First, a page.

What do you do?
Should you sign the agreement based on agreed on terms and defer the remaining issues, perhaps finding resolution between signing and close or even to after closing? Or should you hold out and not sign any agreement until all issues are resolved?
In the context of a full acquisition, dealmakers would be unlikely to leave the negotiating table without all material terms being agreed and memorialized. After all, once the acquisition has occurred, the seller no longer has an interest in the purchased company and thus the buyer’s leverage post-closing to get the seller to agree to assist with transition services or other matters is seriously diminished, if it has not evaporated completely. By contrast, in a joint venture, counterparties maintain leverage after signing. Partners must still engage with each other regularly on JV startup, governance, and operations. Not surprisingly, JV partners sometimes sign a less than fully-formed deal, as partners assume they can decide unresolved issues in a favorable manner down the road.
But just because they can create the JV while some issues remain outstanding, does that mean they should do so?
In our experience, the answer is generally “no”: the parties should agree on all material terms before officially signing up to become a partner in the joint venture.
BENEFITS OF PULLING IT FORWARD
There are profound benefits of front-loading agreement on all material issues before parties legally enter into a binding contract. These open issues not only relate to contractual terms, of course, but extend into finalizing an approvable business plan and financial model, securing external financing, and agreeing on governance, corporate policies, and management appointments (Exhibit 1).
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Pulling-forward all key terms and plans allows partners to capture the momentum and intensity of a timeline-driven negotiation. Conversely, exempting a few items from that dynamic creates the risk that those still-open issues drag on for a significant period, and potentially are never landed. Closing all items paves the way for a smoother JV start as the management team will not be distracted by ongoing negotiations and the blueprint for how the JV will work will be more complete as opposed to having large holes related to outstanding issues. Additionally, if open issues are closed out on the front end, it is likely the initial deal team who has context about the JV’s structure, scope, and challenges, will be working through these outstanding issues, as opposed to a new team that may be brought in post-signing and that lacks necessary context.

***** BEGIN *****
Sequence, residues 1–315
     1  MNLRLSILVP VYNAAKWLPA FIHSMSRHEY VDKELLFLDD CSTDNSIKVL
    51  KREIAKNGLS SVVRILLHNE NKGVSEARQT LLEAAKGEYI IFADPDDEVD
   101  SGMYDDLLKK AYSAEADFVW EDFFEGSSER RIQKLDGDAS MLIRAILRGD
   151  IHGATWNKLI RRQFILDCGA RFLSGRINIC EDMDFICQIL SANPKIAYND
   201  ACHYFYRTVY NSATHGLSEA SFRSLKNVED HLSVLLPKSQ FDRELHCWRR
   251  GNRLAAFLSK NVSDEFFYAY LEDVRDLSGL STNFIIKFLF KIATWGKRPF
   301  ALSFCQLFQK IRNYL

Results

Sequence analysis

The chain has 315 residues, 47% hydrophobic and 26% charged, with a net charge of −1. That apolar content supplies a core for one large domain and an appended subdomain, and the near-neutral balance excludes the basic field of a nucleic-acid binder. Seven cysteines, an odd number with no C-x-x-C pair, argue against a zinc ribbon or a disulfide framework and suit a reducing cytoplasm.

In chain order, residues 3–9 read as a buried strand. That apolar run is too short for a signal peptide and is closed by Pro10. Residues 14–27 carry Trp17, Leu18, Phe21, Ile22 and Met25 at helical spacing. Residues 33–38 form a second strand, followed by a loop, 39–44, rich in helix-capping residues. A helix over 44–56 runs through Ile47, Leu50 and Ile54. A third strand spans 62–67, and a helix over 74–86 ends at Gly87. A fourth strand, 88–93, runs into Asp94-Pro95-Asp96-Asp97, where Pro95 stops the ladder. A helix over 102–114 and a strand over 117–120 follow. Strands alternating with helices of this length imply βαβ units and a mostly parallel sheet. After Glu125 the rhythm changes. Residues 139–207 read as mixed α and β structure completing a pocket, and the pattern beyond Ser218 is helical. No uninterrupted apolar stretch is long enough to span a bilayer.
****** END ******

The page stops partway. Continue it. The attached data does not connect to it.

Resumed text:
And, of course, deals lose momentum and people lose intensity once an agreement has been executed – creating the risk that the open issues could drag on for a significant period, and potentially never be landed.
Perhaps most importantly, ensuring there is alignment on all material issues pre-signing significantly decreases the probability that a company will sign up to a JV that shortly down the road it wishes to exit. Once a partner of a JV, exiting can be challenging, even with the most carefully crafted exit provisions. Companies should avoid being in a position where they need or want to exit from an established JV if one of the open issues does not shake out in their favor.
TIMES TO DEFER TO AFTER SIGNING
But there are certain circumstances where other factors outweigh the benefits of closing out all material JV issues before officially signing up to be a JV partner; in such cases, creating or becoming a party to the JV before closing out material issues may be the right approach.